He doesn’t want to speak, but Moe’s delicious chocolate drop eyes fill with hope and Rolf is helpless against them. ‘He’s alive,’ he says, ‘but that’s the full extent of our good news. Witter was kidnapped from this Veil, shoved, or more like thrown, into another. Along with his client, and several chunks of our reality, our Veil. Timelines have been scrabbled together, woven as it were. Histories sewn to other histories, some real, others inventions culled from disparate parts of existing parallels, like a patchwork. And it’s a perfect construction too, every last stray signature in its place, like an interlocking puzzle. Any interference with this new pattern could cause untold devastation through the veils. I wouldn’t like to take the chance, we simply don’t know enough about how it all works.’
‘Well that’s all very expressive, but what does it mean, darling?’ Margo asks sweetly, juicy sarcasm dripping like cherry juice from her lips.
‘It means,’ Rolf tells her, equally as sweetly, ‘that wherever he’s gone, he’s now an integral part of it, like a cog in a finely tuned machine and, to extricate him, we’d have to work within the confines of that constructed world, whatever they might be, it’s hard to know by observing. Whatever those limitations are, it’s pretty clearly some sort of trap, and your Witter is the bait, so I imagine we might find ourselves devoid of any advantage.’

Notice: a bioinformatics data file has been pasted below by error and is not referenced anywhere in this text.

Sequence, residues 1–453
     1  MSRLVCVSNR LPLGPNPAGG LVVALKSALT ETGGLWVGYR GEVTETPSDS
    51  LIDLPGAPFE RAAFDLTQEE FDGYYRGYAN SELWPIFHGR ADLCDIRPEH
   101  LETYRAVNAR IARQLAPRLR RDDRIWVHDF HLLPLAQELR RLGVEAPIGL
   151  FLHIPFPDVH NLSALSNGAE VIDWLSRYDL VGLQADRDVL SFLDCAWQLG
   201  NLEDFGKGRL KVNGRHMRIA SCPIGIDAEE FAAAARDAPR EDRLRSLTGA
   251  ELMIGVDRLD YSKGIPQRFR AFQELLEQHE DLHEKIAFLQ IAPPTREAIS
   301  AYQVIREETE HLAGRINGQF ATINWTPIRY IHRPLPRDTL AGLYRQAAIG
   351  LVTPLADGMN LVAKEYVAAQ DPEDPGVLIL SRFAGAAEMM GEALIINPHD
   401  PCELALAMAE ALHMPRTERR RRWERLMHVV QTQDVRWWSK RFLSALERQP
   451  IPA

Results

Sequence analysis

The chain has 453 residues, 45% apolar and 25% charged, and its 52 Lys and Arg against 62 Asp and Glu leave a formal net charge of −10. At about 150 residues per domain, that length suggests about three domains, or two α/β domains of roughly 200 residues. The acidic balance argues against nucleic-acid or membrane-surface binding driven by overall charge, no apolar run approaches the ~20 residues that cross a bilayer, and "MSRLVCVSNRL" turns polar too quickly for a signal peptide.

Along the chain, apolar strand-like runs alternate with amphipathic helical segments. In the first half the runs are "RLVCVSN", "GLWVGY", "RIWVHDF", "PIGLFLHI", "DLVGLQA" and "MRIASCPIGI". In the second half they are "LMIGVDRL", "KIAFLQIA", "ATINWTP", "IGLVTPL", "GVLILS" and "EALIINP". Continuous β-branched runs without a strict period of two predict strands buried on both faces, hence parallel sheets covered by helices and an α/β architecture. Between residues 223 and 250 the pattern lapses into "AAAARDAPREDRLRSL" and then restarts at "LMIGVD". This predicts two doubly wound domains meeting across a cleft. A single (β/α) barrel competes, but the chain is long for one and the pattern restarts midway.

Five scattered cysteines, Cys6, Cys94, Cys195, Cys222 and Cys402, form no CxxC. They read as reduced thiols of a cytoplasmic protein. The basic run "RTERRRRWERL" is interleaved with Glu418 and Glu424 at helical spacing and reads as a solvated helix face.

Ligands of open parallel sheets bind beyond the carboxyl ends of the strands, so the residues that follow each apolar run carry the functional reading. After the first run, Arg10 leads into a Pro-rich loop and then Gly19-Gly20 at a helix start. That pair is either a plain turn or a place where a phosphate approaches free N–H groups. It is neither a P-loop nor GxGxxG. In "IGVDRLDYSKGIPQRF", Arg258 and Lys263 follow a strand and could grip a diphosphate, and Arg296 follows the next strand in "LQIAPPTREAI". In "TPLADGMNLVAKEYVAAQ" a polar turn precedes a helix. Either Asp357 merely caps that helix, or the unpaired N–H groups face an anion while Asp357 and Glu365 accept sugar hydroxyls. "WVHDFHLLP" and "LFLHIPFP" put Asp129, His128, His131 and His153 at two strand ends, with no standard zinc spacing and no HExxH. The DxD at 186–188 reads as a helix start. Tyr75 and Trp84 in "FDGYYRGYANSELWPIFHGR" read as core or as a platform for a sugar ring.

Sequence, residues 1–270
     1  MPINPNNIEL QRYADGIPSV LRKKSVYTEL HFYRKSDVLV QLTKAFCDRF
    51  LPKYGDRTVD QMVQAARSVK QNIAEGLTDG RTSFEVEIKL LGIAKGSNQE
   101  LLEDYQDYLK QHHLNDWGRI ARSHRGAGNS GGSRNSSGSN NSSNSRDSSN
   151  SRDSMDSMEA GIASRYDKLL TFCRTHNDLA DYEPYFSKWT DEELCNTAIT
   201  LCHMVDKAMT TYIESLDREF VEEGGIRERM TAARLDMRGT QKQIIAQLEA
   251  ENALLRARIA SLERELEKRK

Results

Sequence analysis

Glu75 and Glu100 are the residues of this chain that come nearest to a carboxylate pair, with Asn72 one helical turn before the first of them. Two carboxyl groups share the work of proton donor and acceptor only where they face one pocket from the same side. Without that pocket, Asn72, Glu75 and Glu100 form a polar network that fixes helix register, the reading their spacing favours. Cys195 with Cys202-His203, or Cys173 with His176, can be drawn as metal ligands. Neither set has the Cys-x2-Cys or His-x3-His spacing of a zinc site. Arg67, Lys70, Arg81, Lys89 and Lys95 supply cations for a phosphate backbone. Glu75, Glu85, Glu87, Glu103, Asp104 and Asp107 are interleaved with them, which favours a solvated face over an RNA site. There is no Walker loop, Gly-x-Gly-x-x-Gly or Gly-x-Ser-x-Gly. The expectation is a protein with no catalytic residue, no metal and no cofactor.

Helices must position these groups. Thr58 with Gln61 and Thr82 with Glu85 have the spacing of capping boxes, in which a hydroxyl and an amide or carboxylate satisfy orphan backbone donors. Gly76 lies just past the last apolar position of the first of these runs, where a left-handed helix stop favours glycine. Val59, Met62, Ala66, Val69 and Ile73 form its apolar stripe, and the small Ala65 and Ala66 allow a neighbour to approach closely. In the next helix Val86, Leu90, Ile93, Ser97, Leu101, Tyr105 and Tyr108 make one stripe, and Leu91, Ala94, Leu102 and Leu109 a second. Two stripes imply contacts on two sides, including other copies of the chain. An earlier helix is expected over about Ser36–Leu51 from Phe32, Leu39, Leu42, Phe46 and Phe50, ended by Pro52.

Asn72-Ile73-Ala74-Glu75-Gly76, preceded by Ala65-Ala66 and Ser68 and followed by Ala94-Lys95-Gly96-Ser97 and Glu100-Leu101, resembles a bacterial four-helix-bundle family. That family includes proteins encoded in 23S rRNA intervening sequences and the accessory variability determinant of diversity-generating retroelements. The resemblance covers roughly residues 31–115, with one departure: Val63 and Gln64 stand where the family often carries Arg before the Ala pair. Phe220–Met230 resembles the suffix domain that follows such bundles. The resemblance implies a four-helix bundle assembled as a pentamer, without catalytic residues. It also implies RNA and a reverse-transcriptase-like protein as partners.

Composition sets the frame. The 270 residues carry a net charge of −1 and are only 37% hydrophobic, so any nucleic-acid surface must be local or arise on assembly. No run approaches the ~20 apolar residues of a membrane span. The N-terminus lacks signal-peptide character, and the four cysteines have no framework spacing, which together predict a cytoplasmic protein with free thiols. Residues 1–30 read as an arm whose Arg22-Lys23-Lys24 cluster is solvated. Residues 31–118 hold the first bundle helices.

Hearing Rolf, Moe’s barely able to calculate the full import of it beyond the presence of danger, possible life-threatening danger. He wants to go after Andreus, must go, because Andreus is like family, just like Rolf and Margo, but they’ve only been back from their last excursion a short while, and the damage has been extraordinary, excessive. Great gouges have been torn into their psyche, and new, unknowable, uneasy dimensions have been added to their abilities. He’s unwilling to risk them again, especially under these circumstances.
‘I’ll go alone,’ he says. ‘If it’s a trap, then setting it with Andre means I’m the target. You don’t need to risk yourselves. I won’t let you.’
Rolf turns to look at him, and he’s lost in seas of brightest blue, in the gravitational pull of wide, black pupils. ‘Even if we let you get away with denying us the right to help you,’ Rolf says to him, ‘it wouldn’t work out that way.’
‘Because,’ Rolf tells him, with a tiny, ironic smile, ‘we’re all already there.’
The man stands in the apex of light filtering between the tall, proud arches of the Greater Londinium District Hangar, watches the distant puff and billow of the inbound Volitare as it cuts a proud course through sky and cloud.